I think back to an interview where Chicago mayor Rahm Emanuel tried laying the blame for all the shootings in Chicago at the feet of families and the community while ignoring and thus absolving himself of the fact that he closed schools, mental health clinics and disproportionately laid off city workers all over the West and South side (read largely African American and Hispanic) while at the same time, doing very, very little to get jobs into these neighborhoods that might instill more hope of finding a better way of making it for the largely unemployed youth in the city.
I think of the coming budget to the city of New Orleans and how Mayor Mitch Landrieu is already sounding the typical warning bells of austerity and what that might mean to those being left behind by the new New Orleans. I think of the arguments about Orleans Parish Prison, about how many people it will jail there and what messages the potential size of this place sends to anyone who has to live in it’s shadow.
I think about the murder of Michael Brown and the riots in Ferguson, the drive by shooting in the 9th Ward or the 19 shot on Mother’s Day or the weekend body counts in Chicago and way too many other murders and riots and frustrations and angers and loss…always loss, no matter who shoots or who dies.
I think a lot, maybe too much…but I do believe there’s a direct link between the words we use and the world we see. As coded racial statements or even not so coded racial statements again become increasingly normalized in mainstream media outlets, spoken by supposedly mainstream pundits, politicians or just your average asshole, a climate is perpetuated and this climate is having definite affects…dehumanizing affects to race, to economic class, to anyone else who’s living on the margins:
Maybe these words make it a little bit easier for a mayor to ignore the needs of whole sections of his city.
Maybe it makes it a little easier for a governor to refuse an expansion of health care.
Maybe it makes a police officer just a bit more at ease in pulling his gun.
Maybe it makes that drive by shooter a bit more ready to get into the car.
And yes, I understand this is a simplistic way of explaining a complex argument, but nevertheless, dismissive words entering the popular consciousness on a regular basis will, over time, dehumanize people and cultures, both internally and externally and the results of this are never good. The results of this can contribute to the deadliest of scenarios. And all of this bullshit has to stop, the words, the violence, the perception of the communities that make up our cities as separate and distinct. They’re not. They’re as connected as words and actions.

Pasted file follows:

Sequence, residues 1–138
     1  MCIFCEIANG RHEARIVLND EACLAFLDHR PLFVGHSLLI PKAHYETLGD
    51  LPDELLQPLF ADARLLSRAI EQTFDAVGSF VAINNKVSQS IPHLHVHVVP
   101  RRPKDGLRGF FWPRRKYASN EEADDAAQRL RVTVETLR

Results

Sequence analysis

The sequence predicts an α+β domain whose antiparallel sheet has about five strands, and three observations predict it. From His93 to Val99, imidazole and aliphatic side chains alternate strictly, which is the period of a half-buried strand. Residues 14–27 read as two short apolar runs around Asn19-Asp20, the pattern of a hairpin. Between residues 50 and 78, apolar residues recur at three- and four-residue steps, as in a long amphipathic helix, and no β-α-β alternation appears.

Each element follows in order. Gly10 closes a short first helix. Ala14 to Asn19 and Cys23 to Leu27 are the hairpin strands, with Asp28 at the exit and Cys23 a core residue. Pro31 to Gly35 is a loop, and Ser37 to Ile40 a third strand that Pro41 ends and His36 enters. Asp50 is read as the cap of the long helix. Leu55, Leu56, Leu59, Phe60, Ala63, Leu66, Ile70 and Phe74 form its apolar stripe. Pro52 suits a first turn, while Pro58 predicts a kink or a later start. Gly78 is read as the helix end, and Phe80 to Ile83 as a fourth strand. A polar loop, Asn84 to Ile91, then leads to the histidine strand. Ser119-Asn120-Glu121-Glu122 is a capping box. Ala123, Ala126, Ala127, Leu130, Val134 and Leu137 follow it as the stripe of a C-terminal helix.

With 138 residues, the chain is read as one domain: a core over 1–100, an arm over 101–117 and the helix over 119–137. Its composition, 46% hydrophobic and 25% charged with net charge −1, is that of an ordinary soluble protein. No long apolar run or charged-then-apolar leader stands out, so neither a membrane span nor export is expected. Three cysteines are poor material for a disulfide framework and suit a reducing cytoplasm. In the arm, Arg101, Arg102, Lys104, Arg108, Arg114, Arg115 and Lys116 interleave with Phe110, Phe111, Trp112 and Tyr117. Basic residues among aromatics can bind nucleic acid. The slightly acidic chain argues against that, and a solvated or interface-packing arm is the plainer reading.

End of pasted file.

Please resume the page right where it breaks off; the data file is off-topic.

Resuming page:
I remember going to a conference a few months back on race where an attendee asked the speaker, an expert on gang violence, why gang members were so willing to kill each other over such small slights. The speaker responded that when you’ve grown up never getting afforded any respect by those around you, when you do finally get it, you’ll be damned if you let anyone take it away again.
Yeah…it’s all connected.
And I certainly don’t have all the answers.
But I can start with simple respect, and include in this the respect the demand that elected politicians not just serve a portion of the community. And I can also start with language and send a message to those with the mouthpieces that though they may enjoy using racial and otherwise volatile words with an angry sneer or a knowing wink, these words have social consequences, and perhaps a consequence should be a timeline on how long they get to hold that fucking microphone…or stay in elected office. And no, this isn’t any sort of attack on free speech. I firmly believe that everyone has the right to say whatever they like without the government imprisoning them for doing so…but a social cost? Well, of course, that’s what makes us a society. If I go into work tomorrow at my housing non-profit and start talking to clients about how poor people are leeches on the system, I’d probably get fired. As I should be. Prison? No. The unemployment line? Uh-huh, that’s a social cost.
And in my opinion, too many police, politicians and pundits no longer pay a social cost for expressing ignorance and this leads to a domino affect of dehumanization over time and the costs of this, they’re huge. They can even contribute to the death in our streets.
Just a thought, nothing groundbreaking, but it’s what’s on my mind today…
Also, I think I need to call my friend from Saturday night, maybe invite him to lunch over the coming weekend so I can really talk to him about why what he said is not okay with me, and why I think he should stop saying that kind of shit for good.
Have a nice day.